- Short Contents
- About the Editors
- The Promises (?) of Deaf Education:: From Research to Practice and Back Again
- The History of Language and Communication Issues in Deaf Education
- Legal Advocacy for Deaf and Hard-of-Hearing Children in Education
- Preparing Teachers of Students Who Are Deaf or Hard of Hearing
- Effective Instruction for Deaf and Hard-of-Hearing Students:: Teaching Strategies, School Settings, and Student Characteristics
- Supporting Students in General Education Classrooms
- Current and Future Technologies in the Education of Deaf Students
- Evidence-based Curricula and Practices That Support Development of Reading Skills
- Will Cochlear Implants Close the Reading Achievement Gap for Deaf Students?
- The Demands of Writing and the Deaf Writer
- Mathematics Instruction and Learning of Deaf and Hard-of-Hearing Students:: What Do We Know? Where Do We Go?
- Deaf Children with Severe Multiple Disabilities:: Etiologies, Intervention, and Assessment
- Reflections on Identity
- Deaf Studies in the 21st Century:: “Deaf-gain” and the Future of Human Diversity
- Cochlear Implants:: Family and Young People’s Perspectives
- The Impact of Early Identification of Deafness on Hearing Parents
- How Does Speech Intelligibility Affect Self and Others’ Perceptions of Deaf and Hard-of-Hearing People?
- Emerging Sign Languages
- Early Language Acquisition and Adult Language Ability:: What Sign Language Reveals About the Critical Period for Language
- Communication Choices and Outcomes During the Early Years:: An Assessment and Evidence-based Approach
- Early Communication in Sign and Speech
- Language Acquisition and Critical Periods for Children Using Cochlear Implants
- Newborn Screening and Earlier Intervention with Deaf Children:: Issues for the Developing World
- Prelinguistic Vocalizations in Infants and Toddlers with Hearing Loss:: Identifying and Stimulating Auditory-guided Speech Development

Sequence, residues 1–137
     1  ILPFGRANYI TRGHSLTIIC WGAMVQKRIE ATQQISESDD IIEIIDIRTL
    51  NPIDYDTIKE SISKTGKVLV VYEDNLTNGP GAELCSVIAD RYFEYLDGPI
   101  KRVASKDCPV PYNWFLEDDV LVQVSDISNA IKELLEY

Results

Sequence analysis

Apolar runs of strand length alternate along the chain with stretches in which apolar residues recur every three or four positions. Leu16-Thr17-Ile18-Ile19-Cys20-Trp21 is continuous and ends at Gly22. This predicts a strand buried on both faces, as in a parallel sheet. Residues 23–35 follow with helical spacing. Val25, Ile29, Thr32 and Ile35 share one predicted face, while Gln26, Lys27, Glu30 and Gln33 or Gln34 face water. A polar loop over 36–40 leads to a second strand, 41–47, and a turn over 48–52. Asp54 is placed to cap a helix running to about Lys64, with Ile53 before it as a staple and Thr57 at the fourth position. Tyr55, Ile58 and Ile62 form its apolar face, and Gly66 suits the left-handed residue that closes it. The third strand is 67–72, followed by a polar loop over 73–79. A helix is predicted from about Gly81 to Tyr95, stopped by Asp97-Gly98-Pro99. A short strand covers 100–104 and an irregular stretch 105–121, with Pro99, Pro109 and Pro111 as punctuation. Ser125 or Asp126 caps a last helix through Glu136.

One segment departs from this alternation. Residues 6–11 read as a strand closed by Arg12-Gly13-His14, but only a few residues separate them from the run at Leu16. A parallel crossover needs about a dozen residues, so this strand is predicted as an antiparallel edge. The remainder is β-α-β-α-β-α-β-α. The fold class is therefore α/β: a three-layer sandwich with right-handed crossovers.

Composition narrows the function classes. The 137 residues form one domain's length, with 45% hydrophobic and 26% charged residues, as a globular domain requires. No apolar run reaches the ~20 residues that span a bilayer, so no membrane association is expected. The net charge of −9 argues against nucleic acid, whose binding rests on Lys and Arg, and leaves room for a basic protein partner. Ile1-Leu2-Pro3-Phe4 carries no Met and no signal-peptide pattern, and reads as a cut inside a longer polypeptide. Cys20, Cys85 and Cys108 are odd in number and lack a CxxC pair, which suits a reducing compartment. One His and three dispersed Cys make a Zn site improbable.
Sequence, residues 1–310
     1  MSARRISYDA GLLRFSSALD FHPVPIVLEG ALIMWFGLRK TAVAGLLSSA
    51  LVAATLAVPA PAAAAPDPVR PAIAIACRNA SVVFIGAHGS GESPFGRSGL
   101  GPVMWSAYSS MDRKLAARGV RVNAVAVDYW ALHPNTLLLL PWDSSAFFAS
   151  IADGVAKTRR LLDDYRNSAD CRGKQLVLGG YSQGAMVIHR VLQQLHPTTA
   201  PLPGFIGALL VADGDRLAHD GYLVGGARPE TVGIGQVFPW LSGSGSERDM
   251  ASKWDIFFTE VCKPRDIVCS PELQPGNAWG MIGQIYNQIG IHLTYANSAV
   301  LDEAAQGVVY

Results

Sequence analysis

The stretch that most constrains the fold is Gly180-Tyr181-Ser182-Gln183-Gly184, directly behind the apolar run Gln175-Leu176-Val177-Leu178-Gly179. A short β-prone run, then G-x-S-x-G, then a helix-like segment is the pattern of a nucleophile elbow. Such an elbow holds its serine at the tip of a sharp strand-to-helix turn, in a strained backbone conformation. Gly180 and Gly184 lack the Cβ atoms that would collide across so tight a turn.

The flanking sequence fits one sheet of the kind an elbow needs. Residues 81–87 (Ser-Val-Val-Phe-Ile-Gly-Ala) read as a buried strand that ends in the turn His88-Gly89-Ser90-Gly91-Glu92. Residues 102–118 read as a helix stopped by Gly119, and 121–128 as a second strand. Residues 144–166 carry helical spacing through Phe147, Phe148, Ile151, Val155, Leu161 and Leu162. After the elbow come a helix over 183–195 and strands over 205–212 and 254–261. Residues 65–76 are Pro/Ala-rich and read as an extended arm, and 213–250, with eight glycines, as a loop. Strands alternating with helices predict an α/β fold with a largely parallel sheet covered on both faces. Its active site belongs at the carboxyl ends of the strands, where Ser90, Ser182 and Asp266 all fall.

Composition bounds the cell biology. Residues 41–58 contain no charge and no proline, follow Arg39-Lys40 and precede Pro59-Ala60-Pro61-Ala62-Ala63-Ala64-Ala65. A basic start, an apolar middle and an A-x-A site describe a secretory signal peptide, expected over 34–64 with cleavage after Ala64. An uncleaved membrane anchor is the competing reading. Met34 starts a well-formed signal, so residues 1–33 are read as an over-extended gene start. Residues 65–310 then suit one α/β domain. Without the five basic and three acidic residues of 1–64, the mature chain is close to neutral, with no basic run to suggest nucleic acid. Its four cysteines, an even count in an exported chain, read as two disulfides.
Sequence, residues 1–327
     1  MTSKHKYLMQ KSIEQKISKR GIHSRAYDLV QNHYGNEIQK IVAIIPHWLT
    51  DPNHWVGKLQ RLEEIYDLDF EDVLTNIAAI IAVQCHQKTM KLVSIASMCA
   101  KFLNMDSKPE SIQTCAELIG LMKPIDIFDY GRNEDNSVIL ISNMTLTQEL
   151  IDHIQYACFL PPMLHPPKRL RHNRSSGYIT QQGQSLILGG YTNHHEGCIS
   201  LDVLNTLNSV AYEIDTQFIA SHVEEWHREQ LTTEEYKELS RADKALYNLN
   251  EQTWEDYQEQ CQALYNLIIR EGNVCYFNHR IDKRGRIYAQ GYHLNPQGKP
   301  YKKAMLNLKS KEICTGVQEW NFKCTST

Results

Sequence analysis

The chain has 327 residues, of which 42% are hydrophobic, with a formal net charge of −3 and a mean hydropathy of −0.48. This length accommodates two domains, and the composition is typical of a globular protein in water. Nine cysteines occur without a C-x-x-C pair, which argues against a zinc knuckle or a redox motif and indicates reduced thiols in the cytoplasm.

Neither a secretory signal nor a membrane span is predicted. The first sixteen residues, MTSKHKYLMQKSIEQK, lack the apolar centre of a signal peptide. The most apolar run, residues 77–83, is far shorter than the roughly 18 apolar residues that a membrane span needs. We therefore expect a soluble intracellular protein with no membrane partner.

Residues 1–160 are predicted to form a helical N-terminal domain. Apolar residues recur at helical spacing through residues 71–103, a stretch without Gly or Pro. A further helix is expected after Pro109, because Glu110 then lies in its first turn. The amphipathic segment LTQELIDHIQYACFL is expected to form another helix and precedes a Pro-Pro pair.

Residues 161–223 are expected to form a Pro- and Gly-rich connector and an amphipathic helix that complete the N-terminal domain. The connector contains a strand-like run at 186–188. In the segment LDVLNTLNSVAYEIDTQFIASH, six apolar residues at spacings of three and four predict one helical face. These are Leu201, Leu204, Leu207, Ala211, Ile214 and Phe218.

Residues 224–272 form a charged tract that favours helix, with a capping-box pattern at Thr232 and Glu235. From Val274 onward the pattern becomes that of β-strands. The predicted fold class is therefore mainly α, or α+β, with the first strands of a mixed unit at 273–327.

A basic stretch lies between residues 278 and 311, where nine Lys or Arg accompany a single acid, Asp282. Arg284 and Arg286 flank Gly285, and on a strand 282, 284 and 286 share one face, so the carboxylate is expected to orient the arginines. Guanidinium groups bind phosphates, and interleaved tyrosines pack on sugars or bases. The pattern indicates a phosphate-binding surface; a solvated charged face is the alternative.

- Children and Youth Who Are Hard of Hearing:: Hearing Accessibility, Acoustical Context, and Development
- Performance Outcomes for Adult Cochlear Implant Users
- Play and Theory of Mind:: Indicators and Engines of Early Cognitive Growth
- Learning Disabilities in Deaf and Hard-of-Hearing Children
- Executive Function, Cognitive Control, and Sequence Learning in Deaf Children with Cochlear Implants
- Working Memory, Deafness, and Sign Language
- Paradigm Shifts, Difficult Truths, and an Increasing Knowledge Base in Deaf Education
- Author Index
- Subject Index
Abstract and Keywords
The critical period hypothesis, as it relates to language acquisition, states that there is a limited window of opportunity for the infant to optimally process incoming acoustic input, learn to discriminate phonemes, and organize language into meaningful units. When auditory input is absent during the critical period, connections within the brain may tend to be organized in the absence of phonological discrimination. This may, in part, account for the long-term language processing difficulties that are often reported for children with significant hearing loss.
The advent of cochlear implants provided researchers with a unique opportunity to examine the impact of earlier versus later access to audition on emerging linguistic domains such as phonology, semantics, morphology, and syntax. The average language outcomes for profoundly hearing-impaired children over the past 20 years using either hearing aids or cochlear implants have been generally disappointing. In contrast, the most recent outcomes for profoundly deaf infants receiving cochlear implants before the age of 12 months show language development within the normal range. Technological advances in physiological studies and medical imaging, coupled with the results from the most recent formal language measures, appear to support the view that cochlear implants are now being applied early enough to maximize natural language development for infants and toddlers.
Shani Dettman Cochlear Implant Clinic Royal Victorian Eye and Ear Hospital East Melbourne, Australia
Richard Dowell Cochlear Implant Clinic Royal Victorian Eye and Ear Hospital East Melbourne, Australia
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